More than 4,000 tonnes of salt arrived by ship at Aberdeen harbour
Ministers have insisted there are "very substantial" supplies of salt and grit for Scotland's roads as some councils say they are running low.
Fife Council said it had run out of supplies before several tonnes arrived on Monday afternoon.
In Renfrewshire, only major roads were being treated to conserve stocks and authorities in the Highlands were expecting a salt delivery on Tuesday.
The finance secretary said there were delivery issues but salt was available.
John Swinney said there were "pinch-points" but 18 councils would receive supplies in the next two days.
He said: "There is a lot of supply around, we just have to make sure it is in the right places.
"That is why the resilience unit of the Scottish government has collated the information about where salt supplies exist about grit supplies and we will work as best we can to make sure that supply reaches the right parts of Scotland."
The minister said Fife would be receiving 250 tonnes of additional salt and grit supplies.
At one stage on Monday morning Bob McLellan, head of transportation at Fife Council, told the BBC that the council had "virtually no salt left at all".
He said: "We have been let down quite badly by our supplier but having said that the suppliers are having to keep all the councils in the UK happy in very difficult times."
More than 4,000 tonnes of salt arrived by ship at Aberdeen harbour. Twenty lorries will transport the cargo to destinations across the north.
Highland roads authorities said they were expecting a delivery of road salt by ship from Northern Ireland as the fight continues to clear the region's roads.
Councils across Scotland have faced many days of snow and ice
In the Renfrewshire area drivers and residents were advised that gritters were concentrating on main routes in order to preserve their stocks.
Councillor Marie McGurk, convener of Renfrewshire Council's environment and infrastructure policy board, said: "The fact that there appears to be little prospect of an imminent let-up in the freezing conditions means that we have to concentrate on main routes for the time being.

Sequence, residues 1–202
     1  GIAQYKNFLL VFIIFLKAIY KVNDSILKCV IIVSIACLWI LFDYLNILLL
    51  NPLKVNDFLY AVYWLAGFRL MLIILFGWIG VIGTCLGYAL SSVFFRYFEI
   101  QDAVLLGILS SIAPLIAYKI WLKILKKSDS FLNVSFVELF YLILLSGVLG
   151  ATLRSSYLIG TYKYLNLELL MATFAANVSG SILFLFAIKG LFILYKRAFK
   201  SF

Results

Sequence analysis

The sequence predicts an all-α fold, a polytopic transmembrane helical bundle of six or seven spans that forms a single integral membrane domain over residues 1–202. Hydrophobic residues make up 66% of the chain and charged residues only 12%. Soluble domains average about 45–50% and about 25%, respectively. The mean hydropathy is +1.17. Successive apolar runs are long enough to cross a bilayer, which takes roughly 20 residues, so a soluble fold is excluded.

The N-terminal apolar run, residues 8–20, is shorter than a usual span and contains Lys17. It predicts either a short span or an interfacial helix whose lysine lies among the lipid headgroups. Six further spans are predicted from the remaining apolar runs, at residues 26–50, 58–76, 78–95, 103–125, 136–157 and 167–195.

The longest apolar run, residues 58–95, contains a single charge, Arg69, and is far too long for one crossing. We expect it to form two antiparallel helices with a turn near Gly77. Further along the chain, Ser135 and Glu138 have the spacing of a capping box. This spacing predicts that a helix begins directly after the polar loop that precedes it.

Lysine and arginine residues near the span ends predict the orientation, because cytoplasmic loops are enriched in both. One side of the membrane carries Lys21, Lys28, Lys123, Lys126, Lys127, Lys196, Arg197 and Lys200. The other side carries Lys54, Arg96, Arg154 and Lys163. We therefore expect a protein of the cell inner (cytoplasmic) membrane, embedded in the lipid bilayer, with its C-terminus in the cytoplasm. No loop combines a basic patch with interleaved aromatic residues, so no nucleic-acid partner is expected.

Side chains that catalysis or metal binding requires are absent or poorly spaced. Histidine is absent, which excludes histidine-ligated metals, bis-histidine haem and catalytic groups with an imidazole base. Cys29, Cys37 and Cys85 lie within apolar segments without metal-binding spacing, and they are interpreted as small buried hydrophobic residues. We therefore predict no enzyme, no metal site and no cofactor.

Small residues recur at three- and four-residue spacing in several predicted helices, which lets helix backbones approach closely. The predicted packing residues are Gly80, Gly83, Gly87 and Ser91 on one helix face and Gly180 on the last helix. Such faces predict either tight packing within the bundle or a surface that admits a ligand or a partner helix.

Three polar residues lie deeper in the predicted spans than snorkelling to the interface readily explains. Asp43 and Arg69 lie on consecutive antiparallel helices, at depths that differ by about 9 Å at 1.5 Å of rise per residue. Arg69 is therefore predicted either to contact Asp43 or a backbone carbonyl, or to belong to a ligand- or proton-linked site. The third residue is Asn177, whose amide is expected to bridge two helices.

"We will not be in a position to salt minor roads or fill grit bins."
North Lanarkshire Council said salt supplies were low and that it would not be clearing or gritting school car parks and side streets ahead of schools re-opening on Tuesday.
A spokesman added: "It is unlikely side streets will be cleared and school transport will set down on main roads.
"Vehicle access to schools will be difficult and we would ask all road users to be extra cautious."
Scottish Labour transport spokesman Charlie Gordon said: "The Scottish government appears to be saying this morning that everything is under control but the evidence does not support that with many roads and pavements still covered by snow and ice.
"With more freezing temperatures on their way it's vital that the government acts to keep Scotland moving."
BBC Scotland contacted local authorities in Scotland to assess the situation.
Aberdeen City Council said supplies were satisfactory and Aberdeenshire Council said grit levels were low, ahead of a new delivery.
Moray Council said it had enough supply for 10 days for its 36 gritters, with another delivery due at Buckie Harbour on Friday.
Shetland Islands Council said fresh supplies were coming in later this week and that it had enough to last until then.
Orkney Islands Council said it was running short of salt and was having to increase the ratio of gravel to salt the gritters are spreading. It has received some salt from Shetland.
East Dunbartonshire said they had enough for two or three days.
Edinburgh, Glasgow and Highland reported no problems with supplies.